If you can’t reach the 31-year-old on the phone, you will hear, “I am ei­ther on the job, driv­ing, or be­ing with the an­i­mals.” To make a liv­ing, Mon­talvo builds and fixes fences, raises an­i­mals, leads trail rides for Triple L Ranch, and pitches in on cat­tle roundups. If he could choose, he would be a full-time ranch hand.

“I’m the last of my fam­ily to be a cow­boy,” he ex­plains at a coffee shop in Honolulu, where he is vis­it­ing from his home in Makawao in or­der to ob­tain le­gal ser­vices for di­vorce—woman trou­bles, a trope of many a coun­try song. Amid stu­dents study­ing for fi­nals and baris­tas steam­ing milk, Mon­talvo isn’t quite at home, in­sist­ing he doesn’t need a drink. He wears a black cow­boy hat and new Wran­glers. His belt buckle is from his 2004 bare­back bronc-rid­ing win at the 4th of July Makawao Rodeo. “My great grandpa was a paniolo at Haleakala Ranch,” says Mon­talvo, who picked up the skills from his dad, a man he says he didn’t get along with out­side of wran­gling cat­tle. For most of his child­hood, Mon­talvo lived with his grand­par­ents, who weren’t in­volved in rodeo or ranch­ing (his grand­fa­ther was a Maui chief of po­lice), but for Mon­talvo, “It was just what I was born to do.”

To­day, the paniolo has five horses, the youngest of which he has set aside for his 6-year-old nephew. He likes to get them green-broke, which means that the horses come with ba­sic knowl­edge of how to be rid­den, so he only has to “give them a job and show them how to do it,” such as round­ing up cat­tle or tourists. There is Blackie, who Mon­talvo has had since he was 5. (The av­er­age life span of a horse is 25 to 33 years.) “Blackie is my most faith­ful horse,” he says. Un­like a dif­fi­cult horse that may be hard to catch or that may refuse to en­ter a trailer, Blackie comes right up to Mon­talvo when the paniolo ar­rives at his pas­ture, tak­ing a hal­ter and walk­ing into the trailer with­out a fuss. Then there is Pepe, who he got in high school. “She’s got her good days and her bad days. Some days she feels like she’s ready to work, other days she’ll pull a quick one on you and act like she’s hurt.” Next is Pa­liku, a sor­rel geld­ing that he got from his un­cle who just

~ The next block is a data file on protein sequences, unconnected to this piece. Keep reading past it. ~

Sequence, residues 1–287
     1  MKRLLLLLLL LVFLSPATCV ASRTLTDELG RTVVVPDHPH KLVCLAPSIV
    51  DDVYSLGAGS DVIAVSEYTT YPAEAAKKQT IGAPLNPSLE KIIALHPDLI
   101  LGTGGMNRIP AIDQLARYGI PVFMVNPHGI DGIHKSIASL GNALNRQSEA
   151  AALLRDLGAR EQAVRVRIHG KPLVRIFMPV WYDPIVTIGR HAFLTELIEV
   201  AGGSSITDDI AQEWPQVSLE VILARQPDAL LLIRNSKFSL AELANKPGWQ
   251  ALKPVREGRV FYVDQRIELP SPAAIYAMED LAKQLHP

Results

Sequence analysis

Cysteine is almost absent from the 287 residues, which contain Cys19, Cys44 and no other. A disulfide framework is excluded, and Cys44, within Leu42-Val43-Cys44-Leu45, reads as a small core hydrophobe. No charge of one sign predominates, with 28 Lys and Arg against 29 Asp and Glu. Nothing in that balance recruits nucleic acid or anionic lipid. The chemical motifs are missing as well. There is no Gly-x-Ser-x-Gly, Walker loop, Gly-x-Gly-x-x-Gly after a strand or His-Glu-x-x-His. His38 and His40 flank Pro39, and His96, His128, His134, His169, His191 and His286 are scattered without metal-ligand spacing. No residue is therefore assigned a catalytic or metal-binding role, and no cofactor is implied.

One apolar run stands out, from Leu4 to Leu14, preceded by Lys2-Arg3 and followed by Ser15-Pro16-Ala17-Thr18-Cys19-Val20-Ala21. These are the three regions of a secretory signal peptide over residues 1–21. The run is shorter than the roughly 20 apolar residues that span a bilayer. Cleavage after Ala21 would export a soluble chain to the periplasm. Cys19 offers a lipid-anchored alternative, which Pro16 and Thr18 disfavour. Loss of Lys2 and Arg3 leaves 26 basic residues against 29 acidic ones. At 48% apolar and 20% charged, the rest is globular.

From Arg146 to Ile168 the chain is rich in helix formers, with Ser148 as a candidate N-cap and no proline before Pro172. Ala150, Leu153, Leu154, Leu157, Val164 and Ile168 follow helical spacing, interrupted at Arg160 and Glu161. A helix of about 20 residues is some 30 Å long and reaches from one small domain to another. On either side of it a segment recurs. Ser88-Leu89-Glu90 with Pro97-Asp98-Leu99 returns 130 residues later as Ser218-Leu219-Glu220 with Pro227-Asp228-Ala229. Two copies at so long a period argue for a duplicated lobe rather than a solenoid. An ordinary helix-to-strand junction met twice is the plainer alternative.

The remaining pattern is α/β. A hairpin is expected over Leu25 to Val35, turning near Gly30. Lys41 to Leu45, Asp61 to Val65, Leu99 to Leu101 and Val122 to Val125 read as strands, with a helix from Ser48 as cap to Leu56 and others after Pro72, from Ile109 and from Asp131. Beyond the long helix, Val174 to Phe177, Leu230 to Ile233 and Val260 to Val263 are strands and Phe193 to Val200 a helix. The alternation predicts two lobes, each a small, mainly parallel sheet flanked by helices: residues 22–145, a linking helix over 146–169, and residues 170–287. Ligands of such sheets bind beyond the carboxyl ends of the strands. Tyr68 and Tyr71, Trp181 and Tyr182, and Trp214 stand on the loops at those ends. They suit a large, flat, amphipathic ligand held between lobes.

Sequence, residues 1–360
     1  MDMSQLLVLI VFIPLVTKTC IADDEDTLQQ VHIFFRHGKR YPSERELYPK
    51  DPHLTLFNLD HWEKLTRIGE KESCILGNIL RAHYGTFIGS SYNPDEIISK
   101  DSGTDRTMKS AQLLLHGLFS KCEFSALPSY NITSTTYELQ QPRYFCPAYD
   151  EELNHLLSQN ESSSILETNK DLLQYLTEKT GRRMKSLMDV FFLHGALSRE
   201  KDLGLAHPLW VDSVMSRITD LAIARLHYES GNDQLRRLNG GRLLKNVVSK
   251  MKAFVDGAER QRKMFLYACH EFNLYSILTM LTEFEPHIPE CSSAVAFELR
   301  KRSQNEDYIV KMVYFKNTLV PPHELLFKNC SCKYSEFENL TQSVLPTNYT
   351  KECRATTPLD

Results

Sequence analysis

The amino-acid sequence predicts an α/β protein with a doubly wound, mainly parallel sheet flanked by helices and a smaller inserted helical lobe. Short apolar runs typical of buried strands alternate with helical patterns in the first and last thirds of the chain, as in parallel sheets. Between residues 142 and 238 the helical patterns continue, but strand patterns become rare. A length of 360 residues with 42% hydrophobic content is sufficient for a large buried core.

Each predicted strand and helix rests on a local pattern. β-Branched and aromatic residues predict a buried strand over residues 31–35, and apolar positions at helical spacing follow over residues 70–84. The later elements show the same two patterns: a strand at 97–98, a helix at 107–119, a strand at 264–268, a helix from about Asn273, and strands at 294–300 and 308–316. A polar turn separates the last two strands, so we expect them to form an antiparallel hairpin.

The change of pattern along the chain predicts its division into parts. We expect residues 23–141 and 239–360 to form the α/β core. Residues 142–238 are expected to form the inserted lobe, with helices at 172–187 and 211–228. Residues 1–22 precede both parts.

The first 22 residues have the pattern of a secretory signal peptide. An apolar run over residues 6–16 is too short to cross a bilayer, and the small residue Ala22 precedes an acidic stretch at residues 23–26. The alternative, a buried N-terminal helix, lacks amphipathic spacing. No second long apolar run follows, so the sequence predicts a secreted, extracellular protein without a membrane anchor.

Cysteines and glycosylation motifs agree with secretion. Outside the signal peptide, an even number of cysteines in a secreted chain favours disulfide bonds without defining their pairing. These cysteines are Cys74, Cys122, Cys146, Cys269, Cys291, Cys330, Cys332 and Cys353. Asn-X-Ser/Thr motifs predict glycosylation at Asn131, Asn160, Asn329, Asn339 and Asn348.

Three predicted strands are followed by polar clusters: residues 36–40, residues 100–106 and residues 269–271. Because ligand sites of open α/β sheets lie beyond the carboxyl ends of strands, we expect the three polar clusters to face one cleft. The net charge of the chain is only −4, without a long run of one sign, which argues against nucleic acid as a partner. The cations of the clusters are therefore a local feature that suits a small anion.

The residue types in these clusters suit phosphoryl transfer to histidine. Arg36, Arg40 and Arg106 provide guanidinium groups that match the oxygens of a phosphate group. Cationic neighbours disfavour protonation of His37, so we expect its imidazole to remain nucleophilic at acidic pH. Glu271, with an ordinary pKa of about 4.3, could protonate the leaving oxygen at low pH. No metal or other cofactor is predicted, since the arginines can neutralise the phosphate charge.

Some horses take care of you; oth­ers, with their speed and com­pet­i­tive na­ture, can be trusted to get you to the win­ner’s cir­cle.

passed away. The fi­nal two are a 7-year-old buck­skin and a 5-year-old chest­nut colt he has yet to name.

Of them, Mon­talvo in­sists he doesn’t have fa­vorites. He rode Pepe all the way from Kula to Bald­win High School when he was a stu­dent, has rid­den Blackie on wild cat­tle roundups, has taken the buck­skin to lead tours from Bully’s Burg­ers on the slopes of Kanaio in Kula to Kanaio Beach in Wailea and back. On long ex­cur­sions, he needs all his trained horses to ro­tate through, to en­sure that one doesn’t get over­worked.

Mon­talvo re­calls his scari­est horse­back ex­pe­ri­ence, which took place with his dad in Mā‘alaea, where tow­er­ing wind­mills now stand. “A bunch of wild cat­tle chased us through the fog, you couldn’t see five feet in front of you,” he says. “They were charg­ing for us. We ran, made a big cir­cle, a loop around them, and the dogs chased them.” In the end, the father and son es­caped un­scathed. Typ­i­cally, the tac­tic is to rope th­ese wild an­i­mals, tie them to a tree, and then leave them there for a cou­ple days to wear them­selves out, mak­ing it eas­ier and safer for the paniolo when he re­turns to bring them down the moun­tain for slaugh­ter. Nowa­days, to com­bat the ero­sion caused by the cat­tle, the an­i­mals are mostly be­ing shot from he­li­copters, con­sid­ered a safer, more fi­nan­cially ef­fec­tive ap­proach. Mon­talvo thinks dif­fer­ently. “I’m try­ing to get it so we can go in and ex­tract them be­fore they go shoot them again,” he says.